Manning threw a record 41 completions on 54 attempts for 441 yards, three touchdowns and one interception, but as previously mentioned, his interception total could have been much higher. Safety Antoine Bethea nearly had a pick on a trap coverage concept, Acker nearly came up with one, and Brock's near-pick on that last drive was a heartbreaker for the 49ers. After Brock intercepted Manning on a horrible deep throw to Beckham at the end of the first half, the Giants got more conservative in their passing concepts, but still surprisingly stopped running the ball against San Francisco's vulnerable interior defensive line. Manning did enough to win, but he also did enough to lose, and there are things about his game that just pop up. Ball placement and accuracy are iffy things with Manning from time to time. But as he's proven so many times before, he has the selective amnesia required of any great quarterback, and the risky throw to Donnell to win the game was proof of that.
2. The 49ers had the right plan for Colin Kaepernick...some of the time
Kaepernick has played fairly horribly over the last month. He turned in performances that were poor enough for there to be some talk that he might be benched in favor of backup Blaine Gabbert. This week, offensive coordinator Geep Chryst said that he would change the schemes around to work more in Kaepernick's favor. At the start of this game, it didn't look much different. There were a couple of receiver screens and a couple of scrambles, but the overall game plan was predictable enough for the Giants to easily read where Kaepernick was throwing, and where Hyde was running.
In the second half, though, things did open up. Kaepernick made a few lovely throws with timing and rhythm, and he led his team on second-half touchdown drives of 88, 52, and 78 yards. There were times when Kaepernick resembled the quarterback who, under the tutelage of Jim Harbaugh and Greg Roman, was just about unstoppable. And when Chryst set him up with defined openings in route concepts and quick open reads, that was a consistent factor. There were other times when it appeared the 49ers were determined to take away Kaepernick's two primary attributes—his deep ball off play action and his mobility—and that showed just as clearly. The team seems to be embroiled in a divide between what Kaepernick is and what they want him to be. He showed on this night that when you let him be what he is, he's pretty good: 23 of 35 passes completed for 262 yards and two touchdowns told the tale, but they couldn't win the game.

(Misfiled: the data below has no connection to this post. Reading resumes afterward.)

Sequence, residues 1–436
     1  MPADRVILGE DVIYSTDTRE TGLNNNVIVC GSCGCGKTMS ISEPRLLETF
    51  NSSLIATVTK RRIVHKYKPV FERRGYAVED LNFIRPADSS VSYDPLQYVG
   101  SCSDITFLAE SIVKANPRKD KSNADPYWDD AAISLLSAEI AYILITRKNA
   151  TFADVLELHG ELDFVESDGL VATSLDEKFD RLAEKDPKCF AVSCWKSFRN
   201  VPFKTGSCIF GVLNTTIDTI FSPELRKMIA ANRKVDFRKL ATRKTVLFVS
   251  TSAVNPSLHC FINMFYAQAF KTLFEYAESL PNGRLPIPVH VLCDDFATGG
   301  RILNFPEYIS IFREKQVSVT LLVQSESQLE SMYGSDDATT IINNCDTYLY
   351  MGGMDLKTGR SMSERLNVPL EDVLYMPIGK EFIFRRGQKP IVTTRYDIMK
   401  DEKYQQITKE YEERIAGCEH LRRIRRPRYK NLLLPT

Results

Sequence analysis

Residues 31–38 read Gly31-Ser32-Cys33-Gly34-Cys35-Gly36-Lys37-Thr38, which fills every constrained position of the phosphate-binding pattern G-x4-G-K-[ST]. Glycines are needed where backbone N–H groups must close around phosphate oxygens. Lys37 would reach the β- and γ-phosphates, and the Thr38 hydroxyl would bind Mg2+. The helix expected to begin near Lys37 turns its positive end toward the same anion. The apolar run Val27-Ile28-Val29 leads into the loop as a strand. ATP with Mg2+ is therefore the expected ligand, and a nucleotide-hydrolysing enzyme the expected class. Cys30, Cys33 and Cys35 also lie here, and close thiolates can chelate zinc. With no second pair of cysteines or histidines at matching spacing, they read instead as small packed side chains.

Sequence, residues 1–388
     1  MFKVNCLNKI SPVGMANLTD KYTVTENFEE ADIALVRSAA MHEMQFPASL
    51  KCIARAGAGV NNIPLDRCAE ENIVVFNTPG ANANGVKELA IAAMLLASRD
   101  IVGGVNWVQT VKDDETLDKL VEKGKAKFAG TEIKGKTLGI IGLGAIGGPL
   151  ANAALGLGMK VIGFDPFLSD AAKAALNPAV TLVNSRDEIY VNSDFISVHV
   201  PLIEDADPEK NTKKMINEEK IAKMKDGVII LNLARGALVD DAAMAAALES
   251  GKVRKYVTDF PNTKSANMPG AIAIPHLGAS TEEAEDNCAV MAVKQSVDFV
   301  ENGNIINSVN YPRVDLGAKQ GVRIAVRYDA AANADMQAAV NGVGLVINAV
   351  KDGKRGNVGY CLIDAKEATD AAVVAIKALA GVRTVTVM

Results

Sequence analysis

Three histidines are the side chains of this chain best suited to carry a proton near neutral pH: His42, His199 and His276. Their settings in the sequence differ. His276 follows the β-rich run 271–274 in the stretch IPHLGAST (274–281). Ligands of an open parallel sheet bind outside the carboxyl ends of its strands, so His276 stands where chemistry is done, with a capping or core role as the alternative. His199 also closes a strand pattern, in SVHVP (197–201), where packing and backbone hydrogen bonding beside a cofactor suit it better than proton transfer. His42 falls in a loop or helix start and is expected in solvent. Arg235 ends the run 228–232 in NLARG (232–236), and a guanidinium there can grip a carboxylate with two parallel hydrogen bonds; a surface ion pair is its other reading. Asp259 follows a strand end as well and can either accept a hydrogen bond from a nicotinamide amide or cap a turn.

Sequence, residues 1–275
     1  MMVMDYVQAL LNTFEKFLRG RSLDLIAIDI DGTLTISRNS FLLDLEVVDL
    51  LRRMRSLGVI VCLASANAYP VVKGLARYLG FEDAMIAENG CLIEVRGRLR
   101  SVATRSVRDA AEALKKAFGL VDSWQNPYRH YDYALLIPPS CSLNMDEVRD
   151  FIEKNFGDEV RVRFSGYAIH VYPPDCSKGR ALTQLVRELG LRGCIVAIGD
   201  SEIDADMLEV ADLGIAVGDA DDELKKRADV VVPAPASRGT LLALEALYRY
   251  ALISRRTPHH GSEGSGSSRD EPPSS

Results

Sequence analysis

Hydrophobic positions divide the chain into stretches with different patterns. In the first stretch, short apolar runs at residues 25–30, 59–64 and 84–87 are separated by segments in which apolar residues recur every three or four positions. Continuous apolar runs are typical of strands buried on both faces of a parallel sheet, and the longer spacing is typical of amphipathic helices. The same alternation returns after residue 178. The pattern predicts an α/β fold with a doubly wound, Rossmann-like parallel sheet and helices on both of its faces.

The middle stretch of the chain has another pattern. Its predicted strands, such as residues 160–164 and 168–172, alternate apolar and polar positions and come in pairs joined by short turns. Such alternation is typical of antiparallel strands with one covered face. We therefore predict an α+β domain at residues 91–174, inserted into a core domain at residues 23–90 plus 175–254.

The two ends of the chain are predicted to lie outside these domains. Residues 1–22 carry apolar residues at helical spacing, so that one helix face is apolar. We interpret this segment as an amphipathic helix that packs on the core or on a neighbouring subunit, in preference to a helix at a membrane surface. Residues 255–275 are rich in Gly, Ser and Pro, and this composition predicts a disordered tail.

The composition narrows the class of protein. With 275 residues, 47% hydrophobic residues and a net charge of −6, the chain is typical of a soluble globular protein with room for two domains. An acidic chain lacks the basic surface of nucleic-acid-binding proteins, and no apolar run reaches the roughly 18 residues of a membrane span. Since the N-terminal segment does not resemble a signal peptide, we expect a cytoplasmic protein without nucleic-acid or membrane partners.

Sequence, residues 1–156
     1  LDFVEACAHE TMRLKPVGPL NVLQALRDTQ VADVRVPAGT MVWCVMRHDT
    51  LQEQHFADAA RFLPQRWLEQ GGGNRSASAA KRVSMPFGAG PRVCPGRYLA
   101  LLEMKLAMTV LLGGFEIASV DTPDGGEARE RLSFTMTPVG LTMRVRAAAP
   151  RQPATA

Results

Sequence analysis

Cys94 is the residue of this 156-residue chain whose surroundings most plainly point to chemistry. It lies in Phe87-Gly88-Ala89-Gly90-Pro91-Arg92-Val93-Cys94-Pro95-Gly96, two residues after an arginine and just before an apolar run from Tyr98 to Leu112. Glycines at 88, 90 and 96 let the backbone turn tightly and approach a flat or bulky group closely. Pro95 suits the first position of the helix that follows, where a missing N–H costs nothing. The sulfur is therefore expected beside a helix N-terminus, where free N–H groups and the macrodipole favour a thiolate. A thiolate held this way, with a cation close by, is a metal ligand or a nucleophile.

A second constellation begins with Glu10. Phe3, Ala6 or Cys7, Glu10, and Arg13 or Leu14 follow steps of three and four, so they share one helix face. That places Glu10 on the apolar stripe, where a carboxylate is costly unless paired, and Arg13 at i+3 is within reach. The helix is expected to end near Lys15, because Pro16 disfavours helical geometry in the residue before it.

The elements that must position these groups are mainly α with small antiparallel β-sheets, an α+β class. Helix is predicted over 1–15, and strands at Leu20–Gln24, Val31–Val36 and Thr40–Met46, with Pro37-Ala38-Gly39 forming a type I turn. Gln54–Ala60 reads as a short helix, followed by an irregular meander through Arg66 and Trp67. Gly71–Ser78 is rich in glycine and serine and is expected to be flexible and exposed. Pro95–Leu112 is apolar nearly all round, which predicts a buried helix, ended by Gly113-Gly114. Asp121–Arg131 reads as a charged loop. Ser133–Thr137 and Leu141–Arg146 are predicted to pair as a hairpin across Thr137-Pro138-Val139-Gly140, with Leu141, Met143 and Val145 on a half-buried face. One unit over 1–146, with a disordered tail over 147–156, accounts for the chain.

3. Even when he's hurt, Odell Beckham, Jr. is a scary individual
It was clear that the 49ers were afraid of Beckham's explosive playmaking ability. Whenever he caught the ball, he was surrounded by several defenders, and he proved to be an apt decoy, opening things up for other receivers. Beckham said after the game that he wasn't concerned about the hamstring injury he suffered on the 17-yard touchdown pass he took from Manning in the third quarter, and he was a major factor in taking coverage away on that last drive. Beckham finished with seven receptions for 121 yards and that touchdown, but his value was even more pronounced than the statistics showed.